If you like us, please share us on social media.
The latest UCD Hyperlibrary newsletter is now complete, check it out.

ChemWiki: The Dynamic Chemistry E-textbook > Wikitexts > UC Davis > UCD Chem 115: Larsen

Copyright (c) 2006-2014 MindTouch Inc.

This file and accompanying files are licensed under the MindTouch Master Subscription Agreement (MSA).

At any time, you shall not, directly or indirectly: (i) sublicense, resell, rent, lease, distribute, market, commercialize or otherwise transfer rights or usage to: (a) the Software, (b) any modified version or derivative work of the Software created by you or for you, or (c) MindTouch Open Source (which includes all non-supported versions of MindTouch-developed software), for any purpose including timesharing or service bureau purposes; (ii) remove or alter any copyright, trademark or proprietary notice in the Software; (iii) transfer, use or export the Software in violation of any applicable laws or regulations of any government or governmental agency; (iv) use or run on any of your hardware, or have deployed for use, any production version of MindTouch Open Source; (v) use any of the Support Services, Error corrections, Updates or Upgrades, for the MindTouch Open Source software or for any Server for which Support Services are not then purchased as provided hereunder; or (vi) reverse engineer, decompile or modify any encrypted or encoded portion of the Software.

A complete copy of the MSA is available at http://www.mindtouch.com/msa

UCD Chem 115: Larsen


Unit I: Instrument and Analysis Fundamentals

Experimental data are the results of direct or indirect observations of phenomena.  Good experiments are planned out using the scientific method. But how do we know if an experiment is reproducible?  This is really an essential question about every single experimental observation that must be answered, but is often not addressed, even by some good scientists who know better than to leave it to assumptions!

1. Data Analysis

2. Goodness of fit

Regression is a type of analysis in which the relationship between one or more independent variables and another variable, called the dependent variable, is modeled.

Unit III: Separations

The next step in qualitative and quantitative analysis is to identify samples that contain multiple species in varying concentration. This often requires coupling spectroscopic or electrochemical techniques with the capability of separating the sample mixture into constituent components. Hence the development of Chromatography and Electrophorsis, two of the most ubiquitous analytical techniques so far developed.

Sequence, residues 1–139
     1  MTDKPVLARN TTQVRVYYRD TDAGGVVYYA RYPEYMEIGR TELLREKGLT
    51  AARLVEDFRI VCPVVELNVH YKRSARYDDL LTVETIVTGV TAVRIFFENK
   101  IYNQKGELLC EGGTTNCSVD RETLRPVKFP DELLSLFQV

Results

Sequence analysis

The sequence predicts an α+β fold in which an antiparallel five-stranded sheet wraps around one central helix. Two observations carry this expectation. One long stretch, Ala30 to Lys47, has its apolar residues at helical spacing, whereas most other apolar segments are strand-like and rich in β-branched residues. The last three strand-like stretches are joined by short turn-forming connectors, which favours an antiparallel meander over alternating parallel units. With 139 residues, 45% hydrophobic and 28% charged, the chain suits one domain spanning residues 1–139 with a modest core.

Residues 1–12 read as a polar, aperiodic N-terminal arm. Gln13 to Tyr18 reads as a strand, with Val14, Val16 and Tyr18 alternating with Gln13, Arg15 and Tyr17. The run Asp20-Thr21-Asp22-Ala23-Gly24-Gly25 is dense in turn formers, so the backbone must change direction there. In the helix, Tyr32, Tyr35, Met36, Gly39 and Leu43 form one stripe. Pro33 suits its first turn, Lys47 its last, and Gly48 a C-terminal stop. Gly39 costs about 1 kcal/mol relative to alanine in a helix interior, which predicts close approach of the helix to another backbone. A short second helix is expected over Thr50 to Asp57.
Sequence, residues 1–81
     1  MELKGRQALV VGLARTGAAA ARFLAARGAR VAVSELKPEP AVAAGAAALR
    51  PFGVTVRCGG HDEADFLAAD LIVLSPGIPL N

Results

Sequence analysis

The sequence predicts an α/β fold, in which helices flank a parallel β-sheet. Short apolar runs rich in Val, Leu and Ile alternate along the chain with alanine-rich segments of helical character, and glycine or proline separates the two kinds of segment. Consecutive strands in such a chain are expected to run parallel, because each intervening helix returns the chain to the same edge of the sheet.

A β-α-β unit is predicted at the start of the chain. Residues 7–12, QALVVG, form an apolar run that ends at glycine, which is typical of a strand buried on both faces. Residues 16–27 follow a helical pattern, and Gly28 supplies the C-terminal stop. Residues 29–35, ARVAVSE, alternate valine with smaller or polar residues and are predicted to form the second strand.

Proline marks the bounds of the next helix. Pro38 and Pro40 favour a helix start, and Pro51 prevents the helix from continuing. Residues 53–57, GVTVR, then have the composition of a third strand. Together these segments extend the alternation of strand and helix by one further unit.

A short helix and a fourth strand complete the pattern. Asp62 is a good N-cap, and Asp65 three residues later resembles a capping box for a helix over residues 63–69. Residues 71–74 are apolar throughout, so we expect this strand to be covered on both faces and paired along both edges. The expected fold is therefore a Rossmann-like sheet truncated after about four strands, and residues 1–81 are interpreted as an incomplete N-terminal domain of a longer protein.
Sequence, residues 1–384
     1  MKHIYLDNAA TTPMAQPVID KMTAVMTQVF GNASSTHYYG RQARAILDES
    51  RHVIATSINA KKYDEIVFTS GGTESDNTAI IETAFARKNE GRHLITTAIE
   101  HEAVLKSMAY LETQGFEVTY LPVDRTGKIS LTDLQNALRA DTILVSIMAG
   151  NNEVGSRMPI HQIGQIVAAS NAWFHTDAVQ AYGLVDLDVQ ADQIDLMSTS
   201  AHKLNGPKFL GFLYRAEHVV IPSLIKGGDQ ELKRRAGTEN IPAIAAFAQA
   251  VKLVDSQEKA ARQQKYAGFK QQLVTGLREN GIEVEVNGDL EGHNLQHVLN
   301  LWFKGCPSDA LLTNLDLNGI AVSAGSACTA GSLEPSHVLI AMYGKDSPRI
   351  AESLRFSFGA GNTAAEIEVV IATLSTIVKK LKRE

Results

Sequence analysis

Unit II: Probing Matter with Light

Spectroscopy is the study of the absorption and emission of electromagnetic radiation by matter. Spectroscopy is an important tool that can be used to find the molecular structures, composition, and vibration frequencies of a substance. It can also be used to find the concentrations of reactants as functions of time to find the reaction intermediates. The defining characteristic of spectroscopy is the interaction of light (electromagnetic spectrum) and matter. Knowledge of both is required to fully interpret the measured data.

Unit IV: Electrochemical Techniques

Cyclic voltammetry is an electrochemical technique which can be used for both quantitative and qualitative analysis and can also be applied to the study of the kinetics and mechanism of the electrode reaction giving rise to the electro-analytical current signal. This technique is performed by cycling the potential of a working electrode, and measuring the resulting current.

You must to post a comment.
Last Modified
10:10, 2 Oct 2013



(not set)
(not set)

Creative Commons License Unless otherwise noted, content in the UC Davis ChemWiki is licensed under a Creative Commons Attribution-Noncommercial-Share Alike 3.0 United States License. Permissions beyond the scope of this license may be available at copyright@ucdavis.edu. Questions and concerns can be directed toward Prof. Delmar Larsen (dlarsen@ucdavis.edu), Founder and Director. Terms of Use